I worked through the challenges and have come on top smiling

As part of our series focusing on beginning teachers we talk with second year Drama teacher Adele Tunnicliff.

Tell us a bit about yourself!

My name is Adele Tunnicliff and I am a drama teacher at Northcote College in Auckland. I started teaching in July 2018 and am currently in my second year of the job. I grew up in sunny Nelson and had such awesome teachers. I studied my BA in theatre and media at Victoria University of Wellington, and my Masters in teaching at the University of Auckland.  

Why did you decide to go into teaching?

In all honesty, it was a last minute decision. I was working a job I hated and I wanted to do something that gave me purpose. A friend of mine had recently been accepted into a Masters of Teaching course and I thought that sounded like a great opportunity. I love directing and all things to do with drama and the arts. I applied two days before the cut off, and low and behold I got in! I never wanted to be a teacher, so it really was a snap-decision. 

What have been the biggest challenges?

Behaviour management, hands down. I teach in a co-ed school and I happen to teach every single year 9 that comes to our school. As we all know, year 9 can be hard work! I also started teaching halfway through the year (July) because my Masters degree finished in July. This meant my induction felt a bit rushed and I really felt like I had been chucked in the deep end. I isolated myself for a while and started to blame the job for all of my personal issues...a dangerous headspace to be in! I had days where I would just come home and cry. I worked through these challenges and have come out on top smiling and loving everything about this job. 

What have been the best moments?

Doing class productions with my year 12 students. I have gotten very close with my year 12 class this year, to the point where they all call me "Mum". Their appreciation and gratitude is very uplifting and reminds me that my job has purpose. For my birthday this week my year 12 class baked me two cakes and brought a shared lunch. They also made me cards and gave me gifts. I was so overwhelmed by their love!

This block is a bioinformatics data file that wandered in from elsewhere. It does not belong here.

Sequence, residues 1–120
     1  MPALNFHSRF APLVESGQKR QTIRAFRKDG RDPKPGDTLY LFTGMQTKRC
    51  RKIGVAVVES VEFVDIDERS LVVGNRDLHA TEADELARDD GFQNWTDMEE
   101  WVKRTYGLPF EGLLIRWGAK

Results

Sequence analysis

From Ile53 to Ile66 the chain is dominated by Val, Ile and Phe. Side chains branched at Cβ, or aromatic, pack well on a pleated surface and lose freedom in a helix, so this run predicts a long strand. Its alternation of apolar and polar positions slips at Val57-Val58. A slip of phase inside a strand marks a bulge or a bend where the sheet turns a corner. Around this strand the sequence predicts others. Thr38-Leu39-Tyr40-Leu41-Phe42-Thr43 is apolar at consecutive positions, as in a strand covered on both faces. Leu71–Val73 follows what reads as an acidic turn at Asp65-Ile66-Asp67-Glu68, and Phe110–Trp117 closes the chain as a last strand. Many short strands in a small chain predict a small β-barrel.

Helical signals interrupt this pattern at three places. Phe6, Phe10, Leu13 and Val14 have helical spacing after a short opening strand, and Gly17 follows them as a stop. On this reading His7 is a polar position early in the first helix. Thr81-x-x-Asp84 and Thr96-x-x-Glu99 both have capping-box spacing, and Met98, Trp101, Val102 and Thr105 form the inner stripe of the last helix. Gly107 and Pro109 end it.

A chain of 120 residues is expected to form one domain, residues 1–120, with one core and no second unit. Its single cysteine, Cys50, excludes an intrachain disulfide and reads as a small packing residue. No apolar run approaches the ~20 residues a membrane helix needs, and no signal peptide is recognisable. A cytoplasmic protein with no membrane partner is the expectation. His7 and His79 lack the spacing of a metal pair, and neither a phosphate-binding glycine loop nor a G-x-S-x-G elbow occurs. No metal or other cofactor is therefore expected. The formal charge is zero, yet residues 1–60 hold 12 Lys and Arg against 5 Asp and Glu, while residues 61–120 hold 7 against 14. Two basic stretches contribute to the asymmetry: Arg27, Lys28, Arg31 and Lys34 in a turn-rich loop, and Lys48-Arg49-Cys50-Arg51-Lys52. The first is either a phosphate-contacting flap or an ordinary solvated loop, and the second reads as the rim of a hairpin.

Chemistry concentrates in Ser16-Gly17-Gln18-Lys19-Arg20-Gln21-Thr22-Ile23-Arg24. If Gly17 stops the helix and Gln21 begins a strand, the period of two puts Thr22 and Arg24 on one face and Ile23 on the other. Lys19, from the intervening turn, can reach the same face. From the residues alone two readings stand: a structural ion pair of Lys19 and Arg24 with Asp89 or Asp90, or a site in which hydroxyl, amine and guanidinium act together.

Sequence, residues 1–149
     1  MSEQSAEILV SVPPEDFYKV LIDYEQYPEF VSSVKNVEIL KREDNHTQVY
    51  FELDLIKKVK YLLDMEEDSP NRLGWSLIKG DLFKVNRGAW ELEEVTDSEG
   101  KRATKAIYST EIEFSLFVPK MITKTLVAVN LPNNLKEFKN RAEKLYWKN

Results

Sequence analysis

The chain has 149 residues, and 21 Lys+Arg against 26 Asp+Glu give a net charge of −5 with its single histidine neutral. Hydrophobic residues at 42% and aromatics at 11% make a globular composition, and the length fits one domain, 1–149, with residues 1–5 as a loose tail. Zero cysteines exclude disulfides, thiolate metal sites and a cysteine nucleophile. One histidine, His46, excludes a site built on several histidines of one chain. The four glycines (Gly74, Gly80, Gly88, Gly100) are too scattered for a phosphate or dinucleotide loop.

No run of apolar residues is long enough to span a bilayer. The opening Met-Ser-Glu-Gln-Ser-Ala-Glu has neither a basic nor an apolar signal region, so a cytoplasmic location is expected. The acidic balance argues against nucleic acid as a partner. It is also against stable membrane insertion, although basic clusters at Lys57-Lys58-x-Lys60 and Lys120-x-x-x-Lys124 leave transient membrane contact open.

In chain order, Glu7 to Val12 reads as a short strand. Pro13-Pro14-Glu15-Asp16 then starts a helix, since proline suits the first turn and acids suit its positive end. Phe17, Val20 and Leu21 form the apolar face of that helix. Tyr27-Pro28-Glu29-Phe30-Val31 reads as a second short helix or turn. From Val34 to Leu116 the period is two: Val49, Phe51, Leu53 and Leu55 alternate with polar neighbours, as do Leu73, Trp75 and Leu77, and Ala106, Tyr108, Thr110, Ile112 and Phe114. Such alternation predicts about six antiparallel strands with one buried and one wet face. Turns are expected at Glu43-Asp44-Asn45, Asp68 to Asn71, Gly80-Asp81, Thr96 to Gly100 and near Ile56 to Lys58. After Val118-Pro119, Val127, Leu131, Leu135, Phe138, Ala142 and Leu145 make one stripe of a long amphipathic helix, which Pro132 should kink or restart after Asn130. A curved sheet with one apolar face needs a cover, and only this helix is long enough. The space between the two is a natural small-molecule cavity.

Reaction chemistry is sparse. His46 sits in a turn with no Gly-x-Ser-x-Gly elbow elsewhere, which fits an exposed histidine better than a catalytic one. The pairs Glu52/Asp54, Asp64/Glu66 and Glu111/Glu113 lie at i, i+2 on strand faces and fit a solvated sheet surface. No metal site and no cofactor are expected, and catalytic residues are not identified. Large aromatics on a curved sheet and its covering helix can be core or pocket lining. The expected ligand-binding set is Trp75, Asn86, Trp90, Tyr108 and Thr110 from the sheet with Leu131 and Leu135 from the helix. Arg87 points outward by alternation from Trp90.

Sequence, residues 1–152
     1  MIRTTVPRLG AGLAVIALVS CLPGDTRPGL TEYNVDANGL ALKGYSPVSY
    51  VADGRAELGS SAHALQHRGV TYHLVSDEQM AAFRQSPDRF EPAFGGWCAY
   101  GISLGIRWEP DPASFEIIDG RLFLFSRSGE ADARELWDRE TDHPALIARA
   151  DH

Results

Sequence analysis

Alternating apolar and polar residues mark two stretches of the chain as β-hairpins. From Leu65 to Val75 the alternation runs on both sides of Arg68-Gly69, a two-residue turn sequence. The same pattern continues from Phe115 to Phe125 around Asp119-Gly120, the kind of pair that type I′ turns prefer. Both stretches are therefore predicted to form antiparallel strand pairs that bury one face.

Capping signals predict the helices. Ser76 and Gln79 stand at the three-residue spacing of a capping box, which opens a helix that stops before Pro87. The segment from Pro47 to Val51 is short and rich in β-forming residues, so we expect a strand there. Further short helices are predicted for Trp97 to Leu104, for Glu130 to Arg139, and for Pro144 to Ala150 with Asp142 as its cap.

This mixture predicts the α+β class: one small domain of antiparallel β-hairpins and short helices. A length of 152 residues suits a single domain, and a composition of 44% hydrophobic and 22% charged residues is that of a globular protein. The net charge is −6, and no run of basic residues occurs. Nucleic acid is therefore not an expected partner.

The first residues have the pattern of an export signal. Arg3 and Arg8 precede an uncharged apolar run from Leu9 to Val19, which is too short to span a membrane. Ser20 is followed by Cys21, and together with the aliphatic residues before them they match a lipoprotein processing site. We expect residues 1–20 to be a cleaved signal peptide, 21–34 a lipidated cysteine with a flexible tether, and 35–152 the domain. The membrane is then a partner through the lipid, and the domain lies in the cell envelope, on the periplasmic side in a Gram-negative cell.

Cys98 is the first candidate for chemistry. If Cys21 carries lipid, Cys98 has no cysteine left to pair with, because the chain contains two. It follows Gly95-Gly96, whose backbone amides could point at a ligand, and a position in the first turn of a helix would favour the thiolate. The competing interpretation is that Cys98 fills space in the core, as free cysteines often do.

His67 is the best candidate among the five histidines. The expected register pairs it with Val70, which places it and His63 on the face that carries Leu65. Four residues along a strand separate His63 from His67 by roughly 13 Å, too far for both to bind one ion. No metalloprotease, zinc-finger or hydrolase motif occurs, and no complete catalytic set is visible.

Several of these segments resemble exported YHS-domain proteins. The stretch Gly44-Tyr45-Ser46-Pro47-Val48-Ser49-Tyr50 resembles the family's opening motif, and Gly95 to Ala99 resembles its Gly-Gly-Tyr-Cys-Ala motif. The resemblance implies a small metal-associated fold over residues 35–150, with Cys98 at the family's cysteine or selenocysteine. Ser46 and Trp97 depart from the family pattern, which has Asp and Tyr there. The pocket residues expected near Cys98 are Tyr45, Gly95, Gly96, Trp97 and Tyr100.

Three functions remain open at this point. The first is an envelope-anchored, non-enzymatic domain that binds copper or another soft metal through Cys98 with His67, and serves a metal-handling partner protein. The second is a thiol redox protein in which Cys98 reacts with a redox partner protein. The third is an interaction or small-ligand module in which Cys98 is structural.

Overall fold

Pg 15 Adele Tunnicliff

Expectations vs reality – is being in a classroom what you thought it would be like?

Hard to say, I had no expectations going into the classroom. The reality of being in the classroom is that YOU are the responsible adult in the room and that can be quite daunting at times. After a while you get the hang of it!

How has being involved with PPTA been for you?

To be honest I'm feeling like a needle in a haystack when it comes to PPTA. I don't quite feel like I know how to express my concerns with the profession just yet. I guess you could say I'm finding my feet there. 

What sort of level of involvement have you had?

I've been to branch meetings, joined the Facebook groups (and learned quickly to avoid those comment sections!) and participated in strike action. In future I want to be more active but I also need to remember I'm still in my first two years of teaching!

What sort of support do you think is most important for first year teachers? What would you like to see more of?

The most important support is having a mentor that you can trust. This person serves as your go-to on all of your problems. Another support is having an HoD that trusts you and answers all of your questions. To survive, you need teacher friends. These are colleagues you can banter with and grab a coffee with. Especially people outside of your subject area so you don't get stuck talking about work all the time! 

What advice do you have for beginning teachers?

Ask for help! Don't be afraid of asking dumb questions. Your colleagues are there to support you and you need to let them help you. Don't give up when the going gets tough. I also highly recommend getting EAP counselling as a way of dealing with all the emotions you will inevitably have being a beginning teacher. 

Treat your students with respect and kindness, and they'll return the favour. Never, ever, ever, yell at kids. It doesn't work. Find ways to get to know your students and show that you are interested in their learning. Your professional learning never stops, keep seeking learning experiences. Make teacher friends who are positive and keep you laughing. They're your biggest support. 

Do you think you will continue teaching?

Absolutely, I love it. I've found myself falling more and more in love with the job. 

Is there anything else you would like to add?

I'm really lucky in my school and I have the best HoD in the world who lets me do what I want. That's been a real treat. I never thought I would love being a teacher this much but I truly do!

Last modified on Friday, 29 November 2019 15:00